Author: Rich Van Konynenburg, Ph.D.
Ethanol is metabolized primarily in the liver, and primarily by the pathway that involves the enzymes alcohol dehydrogenase and aldehyde dehydrogenase. Both these enzymes use NAD+ as a cofactor, chemically reducing it to NADH. Ordinarily, NADH is utilized by the respiratory chain to produce ATP. However, when alcohol is being metabolized, the production rate of NADH can be so high that the respiratory chain cannot keep up. When this occurs, the ratio of NADH to NAD+ rises above its usual low value. Since the Krebs cycle depends for its operation on a low value of this ratio, this rise inhibits the operation of the Krebs cycle in the liver cells. The result of this is that the liver cells are not able to carry on gluconeogenesis at their usual rates. Among other substrates, gluconeogenesis uses lactic and pyruvic acids, converting them back to glucose. All of this is well-accepted textbook biochemistry.
Now, I have suggested that the way this particularly impacts many PWCs is that their red, "slow-twitch" skeletal muscle cells are not able to carry on oxidative metabolism at normal rates, because the depletion of glutathione in these cells allows a rise in peroxynitrite (Note that Prof. Martin Pall has published extensively on peroxynitrite in CFS). This puts partial blockades in the Krebs cycle (at aconitase) and in the respiratory chain (at cytochrome oxidase). The result is that these cells are unable to completely metabolize carbohydrates to carbon dioxide and water, as they normally do. Instead, they produce elevated levels of lactic and pyruvic acids from glycolysis of carbohydrates.
A normal, healthy person's body also produces lactic and pyruvic acids, but the rates are much smaller, because the skeletal muscle cells are able to consume it.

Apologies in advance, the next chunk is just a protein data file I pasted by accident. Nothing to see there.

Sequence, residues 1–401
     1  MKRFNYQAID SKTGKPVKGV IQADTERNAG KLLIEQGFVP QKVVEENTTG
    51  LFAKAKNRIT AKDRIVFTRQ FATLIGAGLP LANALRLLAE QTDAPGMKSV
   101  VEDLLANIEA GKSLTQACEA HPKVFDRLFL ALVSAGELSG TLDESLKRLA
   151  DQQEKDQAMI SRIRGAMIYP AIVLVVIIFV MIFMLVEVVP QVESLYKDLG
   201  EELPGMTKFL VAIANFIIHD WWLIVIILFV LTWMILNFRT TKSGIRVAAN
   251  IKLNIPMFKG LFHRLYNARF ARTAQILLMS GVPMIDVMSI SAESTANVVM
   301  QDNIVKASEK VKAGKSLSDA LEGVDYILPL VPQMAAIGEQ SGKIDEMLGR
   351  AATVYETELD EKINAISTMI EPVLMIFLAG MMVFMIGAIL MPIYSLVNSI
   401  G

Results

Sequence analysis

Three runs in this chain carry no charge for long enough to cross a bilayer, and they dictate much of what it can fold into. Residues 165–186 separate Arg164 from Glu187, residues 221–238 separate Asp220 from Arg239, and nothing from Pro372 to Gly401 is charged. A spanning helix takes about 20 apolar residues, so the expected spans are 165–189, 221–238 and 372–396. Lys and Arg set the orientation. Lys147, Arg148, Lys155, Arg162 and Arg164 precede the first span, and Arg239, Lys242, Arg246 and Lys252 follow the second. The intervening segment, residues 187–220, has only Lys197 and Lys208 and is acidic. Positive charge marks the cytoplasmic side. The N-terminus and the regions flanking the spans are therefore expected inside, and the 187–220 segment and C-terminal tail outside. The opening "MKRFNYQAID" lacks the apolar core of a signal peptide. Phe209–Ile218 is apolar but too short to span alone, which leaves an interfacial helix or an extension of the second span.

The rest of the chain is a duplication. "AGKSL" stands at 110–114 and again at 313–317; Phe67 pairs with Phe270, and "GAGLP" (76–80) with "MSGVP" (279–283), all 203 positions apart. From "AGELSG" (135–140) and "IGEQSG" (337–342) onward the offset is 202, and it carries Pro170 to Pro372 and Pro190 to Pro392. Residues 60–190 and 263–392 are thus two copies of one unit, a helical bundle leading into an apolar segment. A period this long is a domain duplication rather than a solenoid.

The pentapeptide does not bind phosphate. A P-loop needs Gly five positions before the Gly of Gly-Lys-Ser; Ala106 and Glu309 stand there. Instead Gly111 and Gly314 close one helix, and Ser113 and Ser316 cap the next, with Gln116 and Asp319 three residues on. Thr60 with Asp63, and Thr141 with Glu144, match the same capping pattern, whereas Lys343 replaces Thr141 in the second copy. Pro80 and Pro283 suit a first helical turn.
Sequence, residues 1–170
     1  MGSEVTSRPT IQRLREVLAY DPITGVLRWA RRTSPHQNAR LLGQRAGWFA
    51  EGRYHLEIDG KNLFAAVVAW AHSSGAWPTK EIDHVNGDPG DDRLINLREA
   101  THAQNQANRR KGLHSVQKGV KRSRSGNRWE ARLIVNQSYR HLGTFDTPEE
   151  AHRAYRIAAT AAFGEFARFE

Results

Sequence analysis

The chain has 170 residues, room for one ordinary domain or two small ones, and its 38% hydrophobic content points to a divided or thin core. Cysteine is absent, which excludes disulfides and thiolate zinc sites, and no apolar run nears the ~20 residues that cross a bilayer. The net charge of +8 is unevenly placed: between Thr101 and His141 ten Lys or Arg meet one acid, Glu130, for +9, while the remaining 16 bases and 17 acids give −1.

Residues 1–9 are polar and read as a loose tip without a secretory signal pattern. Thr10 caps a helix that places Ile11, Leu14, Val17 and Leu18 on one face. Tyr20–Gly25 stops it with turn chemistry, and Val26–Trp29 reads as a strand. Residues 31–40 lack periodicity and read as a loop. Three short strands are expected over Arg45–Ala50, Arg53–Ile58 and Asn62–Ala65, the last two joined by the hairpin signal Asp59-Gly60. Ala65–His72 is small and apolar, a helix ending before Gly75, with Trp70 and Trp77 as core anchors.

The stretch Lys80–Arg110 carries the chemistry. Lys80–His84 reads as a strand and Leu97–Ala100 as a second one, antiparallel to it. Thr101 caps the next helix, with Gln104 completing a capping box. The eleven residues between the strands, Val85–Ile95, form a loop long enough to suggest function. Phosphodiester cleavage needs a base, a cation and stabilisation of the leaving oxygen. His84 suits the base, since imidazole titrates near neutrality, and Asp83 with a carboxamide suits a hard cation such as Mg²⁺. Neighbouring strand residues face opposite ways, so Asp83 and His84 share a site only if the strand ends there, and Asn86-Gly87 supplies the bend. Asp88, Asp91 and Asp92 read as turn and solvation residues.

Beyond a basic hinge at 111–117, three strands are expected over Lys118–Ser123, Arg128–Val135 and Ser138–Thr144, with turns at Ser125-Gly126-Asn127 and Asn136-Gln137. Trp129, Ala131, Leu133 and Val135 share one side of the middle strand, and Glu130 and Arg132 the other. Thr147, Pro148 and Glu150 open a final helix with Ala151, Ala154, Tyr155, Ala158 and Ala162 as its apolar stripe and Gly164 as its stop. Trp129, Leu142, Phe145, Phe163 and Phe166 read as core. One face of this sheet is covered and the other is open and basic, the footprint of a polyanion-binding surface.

The excess lactic and pyruvic acids, above what can be consumed, are normally processed by gluconeogenesis in the liver and are returned to the blood as glucose, which can again be used as fuel in glycolysis in various cells. This cycle is called the Cori cycle.
In PWCs with alcohol intolerance, what I've suggested is that because gluconeogenesis is inhibited by the mechanism described above, and because PWCs depend on the Cori cycle (and hence on gluconeogenesis) more than do normal, healthy people, because of the partial blockades described above, the result is that they develop a backlog of lactic and pyruvic acids as well as a depletion of blood glucose levels, and this results in the very unpleasant combination of hypoglycemia and acidosis. I have suggested that this combination is what produces the symptoms in alcohol intolerance in many PWCs.
There are PWCs who are still able to tolerate alcohol. I suggest that these people have a greater liver capacity for metabolizing alcohol. Although I would certainly not generalize the following to all PWCs who are able to tolerate alcohol, I have been told by a few PWCs in this category that they customarily consumed fairly large quantities of ethanol before they became ill. There is a second pathway for the metabolism of alcohol in the liver, which involved cytochrome P450 enzymes. Since these are inducible, I suggest that these people have higher concentrations of these enzymes in their liver cells as a result of having adapted to high consumption of ethanol before they became ill. They thus do not suppress gluconeogenesis to the degree that the ethanol-intolerant PWCs do.
Rich Van Konynenburg, Ph.D.
as posted to the Co-Cure list March 16, 2005
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Last Revision: March 16, 2005
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